That Grey Knights list: part two

Hi Folks! This is my second article discussing that new Grey Knights list. Check out the Tactics Corner for more great articles!

In the first article last week, I discussed the double Paladin bomb, and the tools that Grey Knights players have to make Paladins all the more durable than they already are.

This week, I want to take a step back and consider a couple of points that make the list particularly troublesome for a lot of armies in the meta at the moment.

Moreover, with the new changes to the Space Marines, the double-Paladin Grey Knight list has a lot of potential to go the distance on the competitive scene in the coming few months. Indeed, there are three or four strong forces to which we could apply the same logic, but this new Grey Knights hotness has a couple of cool things going for it that could potentially put it at the top of the pile.

First, it’s all-infantry list. Anyone who plays a lot of 40k in the ITC format will know just how valuable it is to be able to reliably hide a unit or a model. Small, hidden units can camp on objectives all game, reliably ticking that hold box on the the score-sheet. A unit hiding in a midfield terrain piece can be particularly threatening, especially if it has some prowess in close combat. They can act as a screen for characters in the backfield, making those precious casters immune from all non-sniper firepower. (Incidentally, I think we’re going to see T’au players take much more advantage of this particular screening strategy in the coming months, now that the Enclaves allow two Commanders per detachment, but that’s a topic for another time).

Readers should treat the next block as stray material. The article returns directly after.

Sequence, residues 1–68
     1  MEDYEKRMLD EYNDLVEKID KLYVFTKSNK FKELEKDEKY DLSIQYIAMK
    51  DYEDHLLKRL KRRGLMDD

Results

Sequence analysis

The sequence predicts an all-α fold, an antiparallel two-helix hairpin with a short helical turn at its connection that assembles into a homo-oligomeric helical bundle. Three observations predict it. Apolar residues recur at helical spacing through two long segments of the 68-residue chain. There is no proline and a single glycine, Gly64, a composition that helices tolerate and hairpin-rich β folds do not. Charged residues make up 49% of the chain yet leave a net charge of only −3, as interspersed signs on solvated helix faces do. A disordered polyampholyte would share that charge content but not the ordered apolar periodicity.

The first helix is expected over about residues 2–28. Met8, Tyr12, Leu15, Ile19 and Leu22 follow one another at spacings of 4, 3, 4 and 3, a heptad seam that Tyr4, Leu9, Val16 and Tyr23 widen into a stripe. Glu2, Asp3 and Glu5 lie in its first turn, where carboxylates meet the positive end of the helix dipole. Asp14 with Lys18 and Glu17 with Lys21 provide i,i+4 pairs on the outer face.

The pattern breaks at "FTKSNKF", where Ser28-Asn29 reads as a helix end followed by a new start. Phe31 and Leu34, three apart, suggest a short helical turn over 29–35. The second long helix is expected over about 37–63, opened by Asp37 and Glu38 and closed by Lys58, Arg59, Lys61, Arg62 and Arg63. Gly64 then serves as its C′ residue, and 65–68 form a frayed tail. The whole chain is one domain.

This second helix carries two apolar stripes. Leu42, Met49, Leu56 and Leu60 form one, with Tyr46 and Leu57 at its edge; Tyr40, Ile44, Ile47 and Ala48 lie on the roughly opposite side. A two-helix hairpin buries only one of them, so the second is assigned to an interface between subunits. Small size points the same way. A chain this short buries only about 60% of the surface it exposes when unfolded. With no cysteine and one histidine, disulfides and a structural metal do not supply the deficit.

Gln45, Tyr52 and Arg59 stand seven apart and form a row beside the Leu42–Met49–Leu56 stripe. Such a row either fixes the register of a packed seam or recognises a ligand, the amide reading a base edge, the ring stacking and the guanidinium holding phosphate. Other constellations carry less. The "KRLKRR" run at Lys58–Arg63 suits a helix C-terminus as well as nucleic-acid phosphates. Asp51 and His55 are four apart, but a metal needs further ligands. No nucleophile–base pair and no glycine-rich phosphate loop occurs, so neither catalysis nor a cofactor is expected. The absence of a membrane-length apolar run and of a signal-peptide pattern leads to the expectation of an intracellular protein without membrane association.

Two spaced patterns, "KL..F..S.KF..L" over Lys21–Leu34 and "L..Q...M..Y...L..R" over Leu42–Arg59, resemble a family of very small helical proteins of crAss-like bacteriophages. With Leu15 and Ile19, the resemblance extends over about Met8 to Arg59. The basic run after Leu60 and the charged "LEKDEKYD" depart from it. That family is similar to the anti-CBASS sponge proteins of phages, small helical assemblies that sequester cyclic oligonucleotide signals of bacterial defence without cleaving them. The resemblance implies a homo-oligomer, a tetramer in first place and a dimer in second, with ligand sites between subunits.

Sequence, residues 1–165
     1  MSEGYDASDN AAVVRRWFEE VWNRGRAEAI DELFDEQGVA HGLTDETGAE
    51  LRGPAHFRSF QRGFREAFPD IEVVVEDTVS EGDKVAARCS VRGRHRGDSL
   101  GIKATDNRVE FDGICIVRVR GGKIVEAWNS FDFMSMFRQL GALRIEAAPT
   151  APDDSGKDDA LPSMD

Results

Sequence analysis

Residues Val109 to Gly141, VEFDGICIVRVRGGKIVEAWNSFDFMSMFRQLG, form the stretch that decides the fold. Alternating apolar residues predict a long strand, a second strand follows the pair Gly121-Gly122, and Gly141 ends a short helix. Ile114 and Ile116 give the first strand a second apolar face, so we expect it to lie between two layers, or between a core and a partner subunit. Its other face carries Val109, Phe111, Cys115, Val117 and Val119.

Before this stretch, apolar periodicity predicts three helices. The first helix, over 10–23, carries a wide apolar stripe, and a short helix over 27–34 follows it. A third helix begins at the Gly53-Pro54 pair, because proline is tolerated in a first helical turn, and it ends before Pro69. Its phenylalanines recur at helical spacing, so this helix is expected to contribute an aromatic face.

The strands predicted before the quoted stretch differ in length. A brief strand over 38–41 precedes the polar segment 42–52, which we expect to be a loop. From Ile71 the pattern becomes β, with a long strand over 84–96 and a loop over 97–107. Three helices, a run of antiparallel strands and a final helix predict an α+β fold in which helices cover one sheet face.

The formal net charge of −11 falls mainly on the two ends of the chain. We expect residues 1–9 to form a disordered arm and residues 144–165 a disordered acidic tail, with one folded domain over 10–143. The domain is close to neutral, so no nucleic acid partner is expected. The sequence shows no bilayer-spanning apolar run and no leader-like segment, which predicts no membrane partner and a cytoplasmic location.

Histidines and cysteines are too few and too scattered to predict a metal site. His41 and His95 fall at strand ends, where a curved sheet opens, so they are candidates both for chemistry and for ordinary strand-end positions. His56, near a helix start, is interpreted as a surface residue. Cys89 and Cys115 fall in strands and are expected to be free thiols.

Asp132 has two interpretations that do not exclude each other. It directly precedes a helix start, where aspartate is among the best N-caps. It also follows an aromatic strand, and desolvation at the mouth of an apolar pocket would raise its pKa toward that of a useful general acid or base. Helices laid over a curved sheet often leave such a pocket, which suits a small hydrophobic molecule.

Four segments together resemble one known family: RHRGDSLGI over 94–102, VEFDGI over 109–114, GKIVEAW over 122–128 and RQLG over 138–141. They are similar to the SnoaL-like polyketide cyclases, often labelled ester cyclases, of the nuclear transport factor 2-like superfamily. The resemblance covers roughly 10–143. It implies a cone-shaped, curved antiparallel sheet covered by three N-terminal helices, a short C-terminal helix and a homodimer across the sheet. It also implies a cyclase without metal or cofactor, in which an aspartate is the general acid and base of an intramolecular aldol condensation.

And not only can this list take advantage of the opportunities to hide in a standard ITC-format game, it also has tools to deal with the opponent’s units that are hiding out of line-of-sight. As I mentioned last week, Astral Aim is very useful psychic power when cast on a full-strength unit of Paladins. There aren’t many low-model-count infantry units that withstand that amount of firepower.

Indeed, as a T’au player, I know just how valuable it is to be able to hide models out of line-of-sight. Hiding Drones on the bottom floor of a building within 3″ of the Riptide is a great strategy. Furthermore, we T’au players know that our alpha units — our Riptides — are virtually impossible to hide, so the know the value of ten Paladins hiding in that L-shaped ruin, waiting for the right time to pounce.

Another tidbit on hiding infantry: the chap with whom I most often play 40k plays Drukhari, and you had better believe that when I pop those Venoms, the Kabalites inside will jump from the wreck into the nearest building, on the ground floor, out of line-of-sight.

Second, those characters are tough to target, meaning that it’s very tricky for opponent’s to stop those buffs on the Paladins. Of course, certain psychic-heavy armies will have the tools to negate some of the Grey Knights’ psychic abilities, but armies that don’t — my T’au, for one — are going to struggle to do any damage to the characters that are making the Paladins all the more fearsome.